As the rut has now come to a close and we move into winter, us reindeer herders are feeling particularly strong. For most of the year the female reindeer in our herd spend their days free-ranging the Cairngorms. However during the autumn we have all the reindeer that we want to breed from in our 1,200 acre hill enclosure. This is to ensure that we know which bulls have bred with which females and to ensure there is no inbreeding. This does however mean we have many more reindeer to feed than usual. As this is their natural habitat, when the reindeer free-roam they find all their own food and we don’t feed them at all. Whilst there is plenty of natural grazing in the hill enclosure we also give them supplementary food to make sure that the grazing replenishes each year. At the peak of the rut we were both mixing and carrying a lot of food up to the reindeer. In fact on the days when the most reindeer have been in the enclosure we are carrying 144 kg a day or a tonne a week.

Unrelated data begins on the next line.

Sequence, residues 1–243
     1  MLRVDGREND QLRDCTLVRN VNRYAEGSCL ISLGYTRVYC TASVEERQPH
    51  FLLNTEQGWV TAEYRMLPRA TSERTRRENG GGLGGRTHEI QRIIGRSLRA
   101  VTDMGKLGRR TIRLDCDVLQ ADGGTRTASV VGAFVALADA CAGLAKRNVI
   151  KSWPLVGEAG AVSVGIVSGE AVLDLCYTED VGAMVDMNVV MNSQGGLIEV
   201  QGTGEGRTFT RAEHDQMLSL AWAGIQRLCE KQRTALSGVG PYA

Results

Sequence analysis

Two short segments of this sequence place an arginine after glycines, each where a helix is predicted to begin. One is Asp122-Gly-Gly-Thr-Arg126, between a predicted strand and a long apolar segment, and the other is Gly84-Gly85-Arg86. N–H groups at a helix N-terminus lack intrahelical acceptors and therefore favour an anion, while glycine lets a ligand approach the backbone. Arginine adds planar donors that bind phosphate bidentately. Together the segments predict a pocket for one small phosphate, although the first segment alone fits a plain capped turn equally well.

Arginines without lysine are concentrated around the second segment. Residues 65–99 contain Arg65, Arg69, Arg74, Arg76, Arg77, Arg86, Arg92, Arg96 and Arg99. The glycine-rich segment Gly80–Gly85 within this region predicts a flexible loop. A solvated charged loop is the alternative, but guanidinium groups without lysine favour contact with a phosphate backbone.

Mixing feed can be a real work out as it involves lugging around 20kg bags of various grains, measuring out the right amounts and throwing them into a cement mixer. The reindeer food is made from a mix of barley, sugar beet, sheep mix, dark grains (a by-product of whisky distilling) and hay soaked in garlic. As you can’t buy reindeer food here in Scotland, we mix up the food from lots of different things to give the reindeer the right nutrition.
And then once the feed is mixed, actually getting it to the reindeer is no mean feat. Normally the food is packed into roughly 15kg sacs and carried up to the reindeer enclosure on our shoulders. We have however also been asking visitors to help carry smaller bags (no more than 6kg) of reindeer food up the hill. If you have helped us carry food, thanks again from everyone here at the centre, both two and four legged.
You certainly won’t find a reindeer herder in the gym, especially not during the rut. Mixing and carrying feed (as well as unloading the feed lorry) is a very good work out and justifies the copious amounts of cake we all eat. I also know that all the reindeer herders, especially the women, take great joy in easily flinging a large bag of reindeer food onto our backs as a visit of people look on amazed. This summer I heard a man ask my colleague Nell if she needed a big strong man to help her carry her bag, to which she responded very politely “I’m a little strong woman and I’ll be just fine”. Go Nell!